The Swiss capped off their domination with a 1-2 in Alpine Combined, with Michelle Gisin and Wendy Holdener both reprising their slalom excellence. Italy’s Federica Brignone, a 2022 silver medalist in GS, capped off a really strong showing by the Italian team with a bronze in Combined. Italy, not Austria, looks to be chasing down the Swiss, and the timing couldn’t be better, with the Italians hosting in 2026.

Freestyle Skiing



As usual, the Olympics got off to a hot start with Moguls as the first freestyle skiing event. Each skier in the men’s finals seemed to go faster and score higher than the last. Nick Page of Park City, UT put down a solid run at the beginning of the finals that looked like it might be good for a medal. Heavy favorite and two-time gold medalist, Canadian Mikaël Kingsbury skied an extremely clean and technical run in the penultimate position and was scored into first place. It really seemed like that last skier to drop would win, and that’s what happened—Walter Wallberg of Sweden tore down the course, scoring an 83.23 with high points for time, which ultimately made the difference and denied Kingsbury another gold. Nick Page finished fifth and looks to have a bright future at only 19 years of age.


In Aerials, Megan Nick, born and raised in Vermont, flipped and twisted to an intensely clean routing and landing—taking home a bronze medal in a sport where the U.S. certainly wasn’t assured a medal, and doing the state of Vermont proud. In a massive, exhilarating victory, Team USA won gold in the Mixed Team Aerials event, with a team composed of Ashley Caldwell, Christopher Lillis, and Justin Schoenefeld. Lillis landed a quintuple-twisting triple, earning a massive score and boosting the team to victory. The hosts took silver with the Canadian team earning a bronze.

The women’s Mogul final was full of American talent—Olivia Giacco led things off with a strong run before Jaelin Kauf put down an electrifying and speedy run to jump in the top spot. However, she was ousted on the last run by Australia’s Jakara Anthony and finished in the silver. The U.S.’ Kai Owens made finals but missed the last round, and at 17 years of age will surely be a strong contender in the next decade.

Big Air


One of the most hyped and widely consumed freestyle events in Beijing was the inaugural Big Air event, held against an aggressively dour industrial backdrop. Despite the strange setting, the event did not disappoint. Many freeski fans and media outlets labeled the women’s final the best ever in the sport, with athletes testing the limits of progression and the frontier of style and amplitude.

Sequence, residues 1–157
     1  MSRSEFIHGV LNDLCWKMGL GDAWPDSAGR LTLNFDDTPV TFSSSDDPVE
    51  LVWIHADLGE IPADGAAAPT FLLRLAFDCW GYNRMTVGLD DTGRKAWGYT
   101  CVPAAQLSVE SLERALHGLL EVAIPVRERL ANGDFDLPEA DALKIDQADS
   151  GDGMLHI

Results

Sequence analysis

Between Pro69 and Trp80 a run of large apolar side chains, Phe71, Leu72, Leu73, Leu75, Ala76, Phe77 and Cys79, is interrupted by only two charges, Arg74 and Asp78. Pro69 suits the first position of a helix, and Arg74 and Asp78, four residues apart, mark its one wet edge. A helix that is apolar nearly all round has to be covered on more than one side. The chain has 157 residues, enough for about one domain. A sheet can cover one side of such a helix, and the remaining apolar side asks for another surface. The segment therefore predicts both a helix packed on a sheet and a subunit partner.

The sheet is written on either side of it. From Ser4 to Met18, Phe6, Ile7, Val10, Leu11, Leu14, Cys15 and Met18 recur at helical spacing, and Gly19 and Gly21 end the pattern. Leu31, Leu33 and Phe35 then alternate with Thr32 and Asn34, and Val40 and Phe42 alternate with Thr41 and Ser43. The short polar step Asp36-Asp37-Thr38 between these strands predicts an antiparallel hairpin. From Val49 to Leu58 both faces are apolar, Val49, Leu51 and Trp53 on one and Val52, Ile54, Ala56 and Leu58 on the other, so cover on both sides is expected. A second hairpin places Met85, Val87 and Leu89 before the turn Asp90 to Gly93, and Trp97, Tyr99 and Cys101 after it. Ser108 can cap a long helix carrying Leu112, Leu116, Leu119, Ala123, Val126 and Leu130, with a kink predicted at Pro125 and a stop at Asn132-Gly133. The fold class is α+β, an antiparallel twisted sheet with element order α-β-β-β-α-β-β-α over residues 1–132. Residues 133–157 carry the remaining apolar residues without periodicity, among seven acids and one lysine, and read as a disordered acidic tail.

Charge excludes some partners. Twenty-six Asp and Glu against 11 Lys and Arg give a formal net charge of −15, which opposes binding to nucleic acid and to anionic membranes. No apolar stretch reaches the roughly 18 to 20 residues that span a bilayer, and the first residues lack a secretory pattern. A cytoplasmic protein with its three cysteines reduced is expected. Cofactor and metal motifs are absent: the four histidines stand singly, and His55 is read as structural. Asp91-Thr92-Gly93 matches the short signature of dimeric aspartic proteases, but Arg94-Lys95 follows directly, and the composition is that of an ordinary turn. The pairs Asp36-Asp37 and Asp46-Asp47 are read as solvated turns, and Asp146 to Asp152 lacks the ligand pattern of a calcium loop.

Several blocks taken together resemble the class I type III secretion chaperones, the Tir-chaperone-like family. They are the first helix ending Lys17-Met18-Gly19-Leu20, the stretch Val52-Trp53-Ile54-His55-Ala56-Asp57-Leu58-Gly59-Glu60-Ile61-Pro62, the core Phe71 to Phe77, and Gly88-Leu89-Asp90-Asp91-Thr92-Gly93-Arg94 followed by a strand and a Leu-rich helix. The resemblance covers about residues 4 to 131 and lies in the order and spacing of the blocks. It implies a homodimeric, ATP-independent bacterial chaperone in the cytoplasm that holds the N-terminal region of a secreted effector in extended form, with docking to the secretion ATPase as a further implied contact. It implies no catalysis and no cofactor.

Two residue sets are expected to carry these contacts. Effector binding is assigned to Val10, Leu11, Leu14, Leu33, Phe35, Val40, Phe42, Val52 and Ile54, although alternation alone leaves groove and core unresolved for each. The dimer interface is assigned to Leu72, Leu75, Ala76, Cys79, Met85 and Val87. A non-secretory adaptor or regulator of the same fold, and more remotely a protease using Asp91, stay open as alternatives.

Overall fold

Superstar and favorite Eileen Gu scored a big 93.75 on Run One after putting down a dub 14. Tess Ledeux upped the rotation and earned a 94.5 with a dub 16, finishing Run One in the top spot. 1000skis athlete Anni Karava had a stylish dub 10, but the bar had been pushed. Ledeux and Mathilde Gremaud led the field in Run Two, with a switch 14 and a double switch 14, respectively. It was Run Three, though, where the tension really came into play—Gu threw a dub 16, matching Ledeux’s first run’s 94.5 and taking over the top spot. After a 93 on Run Two, France’s Tess Ledeux needed better than a 93.75 to oust Gu and take gold. Her switch 14 did not cut it though, with a bobble on the landing, and Mathilde Gremaud, who also had a shot to win, didn’t lace her 14 up either. Eileen Gu narrowly won gold by 0.75 points, with Ledeux and Gremaud taking silver and bronze. This event will be remembered in freeskiing for the next four years, and casual observers were lucky to take in the stunning and close final.


Lots of errors on Run One kept the men’s competition thrilling to the last second. Norwegian Birk Ruud threw a jaw-dropping switch triple 19, scoring a massive 95.75 which would be very hard to surpass. On Run Two, Utah’s Colby Stevenson scored 91.75 with a nice nosebutter triple 16, and his teammate Alex Hall landed his now-signature dub 19 “buick” for a big 92.5. Freeski legend and fan-favorite Swede Henrik Harlaut scored 90 with a switch dub 18, which Ruud beat with a dub 18 featuring a wild combo of grabs, earning a 92.

On Run Three, Stevenson moved into the silver spot with a 91.25 adding to his second run score. Alex Hall crashed attempting the “future spin” 2160 he landed at X Games, meaning he wouldn’t medal. Nonetheless, it was amazing to see the progression of the sport at its highest level. Harlaut scored 91 with a signature styling nosebutter triple 16, putting him in third and allowing Birk Ruud to cruise down without needing a high score on Run Three to win. Stevenson earned silver, freeskiing at large rejoiced at Harlaut’s bronze, and Birk Ruud’s technical skill and amplitude gave him a large margin of victory and a gold medal.



Slopestyle was contested on a beautiful course with several unique features, like the “guardhouse” wallride, twisting kickers, and a quarter pipe on the last jump.